Eslamian J, Akbarpoor AA, Hoseini SA. Quality of work life and its association with workplace violence of the nurses in emergency departments. Iran J Nurs Midwifery Res 2015;20:56-62.  Back to cited text no. 12
    
13.
Yousefi A, Ebrahim Z, Bastani P, Najibi M, Radinmanesh M, Mehrtak M. Health literacy status and its relationship with quality of life among nurses in teaching hospitals of Shiraz University of Medical Sciences. Iran J Nurs Midwifery Res 2019;24:73-9.  Back to cited text no. 13
    
14.
Mohammadi J, Fani A, Azar A, Fathi S. Evaluating the effect of the characteristics of the research participants on the relationship between Strain and Organizational Citizenship Behavior. J Public Adm 2013;5:97-124.  Back to cited text no. 14
    
15.
Taheri Y, Mohammadi J, Jafarinia S. Investigating the relationship between transformational leadership and organizational citizenship behavior, considering to the mediator role of empowerment. J Public Adm 2014;6:769-89.  Back to cited text no. 15
    
16.
Klotz AC, Bolino MC, Song H, Stornelli J. Examining the nature, causes, and consequences of profiles of organizational citizenship behavior. J Organ Behav 2018;39:629-47.  Back to cited text no. 16
    
17.
Mohammadi S. The moderating role of religion and demographic characteristics of subjects on the relationship between strain and organizational citizenship behavior: A meta-analysis approach. Islam Psychol Res 2017;3:7-28.  Back to cited text no. 17
    
18.
Yadav G, Sarika M. Impact of quality of work life on organization citizenship behavior: A special case of teaching fraternity in Jaipur. ASMs Int E-Journal Ongoing Res Manag IT 2015;10:62-9.  Back to cited text no. 18
    
19.
Parsa S. The relationship between quality of work life, performance, stress, job satisfaction. Soc Welf Q 2014;14:61-83.  Back to cited text no. 19
    
20.
Chegini Z, Asghari Jafarabadi M, Kakemam E. Occupational stress, quality of working life and turnover intention amongst nurses. Nurs Crit Care 2019;24:283-9.  Back to cited text no. 20
    
21.
Rashed S, Snoubar Y. Job stress and its relation to the quality of work-life at a sample of Job stress and its relation to the quality of work-life at a sample of social workers in special intellectual education schools. Egypt J Soc Work 2019;8:201-26.  Back to cited text no. 21
    
22.
Yang J, Yan W. Relationship of mental stress of middle school students and campus safety atmosphere with psychosocial safety behaviors. Iran J Public Health 2020;49:693-700.  Back to cited text no. 22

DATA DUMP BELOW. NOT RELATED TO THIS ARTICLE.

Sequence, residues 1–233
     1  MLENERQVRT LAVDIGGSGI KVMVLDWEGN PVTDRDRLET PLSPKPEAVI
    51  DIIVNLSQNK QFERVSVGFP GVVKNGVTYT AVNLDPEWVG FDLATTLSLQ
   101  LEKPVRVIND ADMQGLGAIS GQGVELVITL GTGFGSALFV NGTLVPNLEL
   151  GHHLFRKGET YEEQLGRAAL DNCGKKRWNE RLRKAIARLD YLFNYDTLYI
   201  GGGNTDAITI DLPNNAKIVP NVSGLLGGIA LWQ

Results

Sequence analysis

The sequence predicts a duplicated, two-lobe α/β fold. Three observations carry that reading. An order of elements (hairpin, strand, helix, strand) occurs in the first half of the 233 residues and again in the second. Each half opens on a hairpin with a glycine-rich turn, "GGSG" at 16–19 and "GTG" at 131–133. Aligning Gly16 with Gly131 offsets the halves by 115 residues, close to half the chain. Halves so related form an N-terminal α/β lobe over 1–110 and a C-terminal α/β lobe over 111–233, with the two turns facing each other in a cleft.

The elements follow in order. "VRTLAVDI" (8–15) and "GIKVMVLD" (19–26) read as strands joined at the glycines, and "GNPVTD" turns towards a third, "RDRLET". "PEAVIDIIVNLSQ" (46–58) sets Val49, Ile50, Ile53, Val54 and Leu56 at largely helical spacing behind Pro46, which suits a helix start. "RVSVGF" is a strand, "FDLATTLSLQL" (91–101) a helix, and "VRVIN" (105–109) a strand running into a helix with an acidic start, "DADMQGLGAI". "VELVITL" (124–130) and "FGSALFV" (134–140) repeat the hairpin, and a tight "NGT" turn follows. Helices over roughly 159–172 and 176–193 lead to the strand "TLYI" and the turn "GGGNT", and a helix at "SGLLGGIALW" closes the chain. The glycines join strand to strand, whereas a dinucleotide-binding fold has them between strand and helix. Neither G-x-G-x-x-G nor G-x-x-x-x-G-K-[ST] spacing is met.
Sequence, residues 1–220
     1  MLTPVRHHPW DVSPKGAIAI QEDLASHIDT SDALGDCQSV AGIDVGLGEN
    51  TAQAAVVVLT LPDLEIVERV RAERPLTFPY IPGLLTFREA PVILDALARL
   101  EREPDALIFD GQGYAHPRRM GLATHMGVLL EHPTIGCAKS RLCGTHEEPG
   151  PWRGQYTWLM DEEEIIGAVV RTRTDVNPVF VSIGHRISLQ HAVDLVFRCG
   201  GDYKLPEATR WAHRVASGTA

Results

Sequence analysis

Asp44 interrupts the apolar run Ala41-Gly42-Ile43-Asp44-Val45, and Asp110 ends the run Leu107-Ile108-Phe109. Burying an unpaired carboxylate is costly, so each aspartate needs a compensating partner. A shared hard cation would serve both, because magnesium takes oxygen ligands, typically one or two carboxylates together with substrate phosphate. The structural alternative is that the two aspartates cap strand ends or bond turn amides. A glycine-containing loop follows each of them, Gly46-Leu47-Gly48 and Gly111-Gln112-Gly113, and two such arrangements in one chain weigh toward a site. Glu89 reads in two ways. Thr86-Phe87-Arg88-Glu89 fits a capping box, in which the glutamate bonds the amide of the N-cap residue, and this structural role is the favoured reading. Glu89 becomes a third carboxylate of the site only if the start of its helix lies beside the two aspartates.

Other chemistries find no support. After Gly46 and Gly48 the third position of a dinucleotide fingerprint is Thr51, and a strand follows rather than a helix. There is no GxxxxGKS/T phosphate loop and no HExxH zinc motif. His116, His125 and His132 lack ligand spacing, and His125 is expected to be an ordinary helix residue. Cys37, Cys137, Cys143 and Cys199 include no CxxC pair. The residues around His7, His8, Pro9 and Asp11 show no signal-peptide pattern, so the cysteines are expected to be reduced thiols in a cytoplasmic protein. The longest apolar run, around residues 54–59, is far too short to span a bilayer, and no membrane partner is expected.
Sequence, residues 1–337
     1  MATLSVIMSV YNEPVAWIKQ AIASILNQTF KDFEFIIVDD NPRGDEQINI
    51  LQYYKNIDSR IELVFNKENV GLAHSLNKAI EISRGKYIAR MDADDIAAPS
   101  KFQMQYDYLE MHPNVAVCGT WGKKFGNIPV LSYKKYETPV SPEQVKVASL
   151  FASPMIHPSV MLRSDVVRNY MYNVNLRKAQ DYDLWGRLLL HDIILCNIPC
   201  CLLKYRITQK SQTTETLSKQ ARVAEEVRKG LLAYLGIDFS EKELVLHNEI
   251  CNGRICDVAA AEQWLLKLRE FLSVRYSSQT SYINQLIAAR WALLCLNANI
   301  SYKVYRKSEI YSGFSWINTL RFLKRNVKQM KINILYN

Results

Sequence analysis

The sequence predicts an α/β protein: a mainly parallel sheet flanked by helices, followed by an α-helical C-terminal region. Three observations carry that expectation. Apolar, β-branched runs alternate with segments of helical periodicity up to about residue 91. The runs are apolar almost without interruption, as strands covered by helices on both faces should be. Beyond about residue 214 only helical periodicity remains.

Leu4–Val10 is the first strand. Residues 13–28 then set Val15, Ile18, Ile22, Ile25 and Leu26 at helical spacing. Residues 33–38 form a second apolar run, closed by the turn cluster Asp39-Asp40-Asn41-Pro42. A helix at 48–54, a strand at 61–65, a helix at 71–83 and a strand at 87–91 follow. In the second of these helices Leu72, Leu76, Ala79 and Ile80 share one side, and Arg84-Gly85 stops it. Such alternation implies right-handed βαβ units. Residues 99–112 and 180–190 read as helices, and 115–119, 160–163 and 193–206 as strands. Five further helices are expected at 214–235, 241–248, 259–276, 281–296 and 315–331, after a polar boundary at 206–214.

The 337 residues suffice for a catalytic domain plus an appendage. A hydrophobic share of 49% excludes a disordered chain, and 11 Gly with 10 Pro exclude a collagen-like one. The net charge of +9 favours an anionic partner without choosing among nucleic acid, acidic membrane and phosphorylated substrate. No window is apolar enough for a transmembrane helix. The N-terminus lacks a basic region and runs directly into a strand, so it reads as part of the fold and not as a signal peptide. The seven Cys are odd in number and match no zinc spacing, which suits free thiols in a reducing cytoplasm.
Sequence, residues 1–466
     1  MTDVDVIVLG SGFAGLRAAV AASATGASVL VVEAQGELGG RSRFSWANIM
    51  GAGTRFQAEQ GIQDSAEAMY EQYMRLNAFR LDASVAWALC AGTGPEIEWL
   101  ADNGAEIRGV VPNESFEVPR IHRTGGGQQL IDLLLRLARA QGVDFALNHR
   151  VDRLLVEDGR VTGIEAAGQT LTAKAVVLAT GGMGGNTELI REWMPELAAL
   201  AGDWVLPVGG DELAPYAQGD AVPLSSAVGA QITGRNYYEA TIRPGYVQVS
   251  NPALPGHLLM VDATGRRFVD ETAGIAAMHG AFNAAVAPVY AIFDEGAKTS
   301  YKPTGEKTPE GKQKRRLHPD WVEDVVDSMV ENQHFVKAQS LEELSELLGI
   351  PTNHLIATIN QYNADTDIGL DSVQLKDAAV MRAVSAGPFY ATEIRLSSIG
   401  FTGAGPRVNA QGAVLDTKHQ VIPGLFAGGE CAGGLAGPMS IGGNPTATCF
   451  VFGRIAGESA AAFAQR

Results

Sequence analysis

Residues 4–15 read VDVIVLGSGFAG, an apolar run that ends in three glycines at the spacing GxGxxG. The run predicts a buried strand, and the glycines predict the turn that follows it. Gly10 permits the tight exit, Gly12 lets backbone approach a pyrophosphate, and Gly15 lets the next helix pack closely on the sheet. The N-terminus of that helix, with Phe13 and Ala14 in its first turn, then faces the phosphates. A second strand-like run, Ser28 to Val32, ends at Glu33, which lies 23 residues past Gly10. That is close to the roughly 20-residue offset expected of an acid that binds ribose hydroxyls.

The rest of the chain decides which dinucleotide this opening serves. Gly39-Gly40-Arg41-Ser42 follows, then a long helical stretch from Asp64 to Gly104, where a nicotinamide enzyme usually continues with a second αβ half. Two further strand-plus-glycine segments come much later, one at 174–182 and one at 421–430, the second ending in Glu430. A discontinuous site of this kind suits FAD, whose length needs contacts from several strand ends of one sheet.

23.
Fani A, Mohammadi J, Fathi S. Designing a model of the relationship between strain and organizational citizenship behavior: A meta-analytic approach on the Moderating role of the characteristics of the study. Manag Res Iran 2013;17:145-76.  Back to cited text no. 23
    
24.
Salimi SB, Ashkanpour M. Employees performance in different employment modes: Evidences from Rasht Health Care Network. J Dev Evol Manag 2012;8:7-14.  Back to cited text no. 24
    
25.
Danaeifard H, Alvani SM, Azar A. Methodology of Quantitative Research in Management. 14th ed. Tehran: Saffar Publishing; 2019.  Back to cited text no. 25
    
26.
Mirkamali SM, Mazari E, Khabare K, Zoughipour S. 'Identify job stressors and their relationship with quality of work life (Case: Faculty Members of Birjand University). Organ Cult Manag 2016;13:1113-33.  Back to cited text no. 26
    
27.
Ghaleei A, Mohajeran B, Taajobi M, Imani B. Relationship between quality of work life and occupational stress in staff of Bu-ali Sina university of Hamadan, 2013. Pajouhan Sci J 2015;13:60-6.  Back to cited text no. 27
    
28.
Davari A, Rezazadeh A. Structural Modeling with SmartPLS Application. Tehran: Jihad Daneshgahi Publishing; 2018.  Back to cited text no. 28
    
29.
Hair JF, Hult GT, Ringle M, Sarstedt M. Partial Least Squares, Structural Equation Modeling First edition, translated by Adel Azar & Rasoul Gholamzadeh. Tehran: Negahedanesh Publishing; 2019.  Back to cited text no. 29
    



 
 
    Tables

  [Table 1], [Table 2], [Table 3], [Table 4]



 

Top
 
 
  Search
 
    Similar in PUBMED
   Search Pubmed for
   Search in Google Scholar for
 Related articles
    Access Statistics
    Email Alert *
    Add to My List *
* Registration required (free)  

 
  In this article
Abstract
Introduction
Materials and Me...
Results
Discussion
Conclusion
References
Article Tables

 Article Access Statistics
    Viewed136    
    Printed2    
    Emailed0    
    PDF Downloaded25    
    Comments [Add]    

Recommend this journal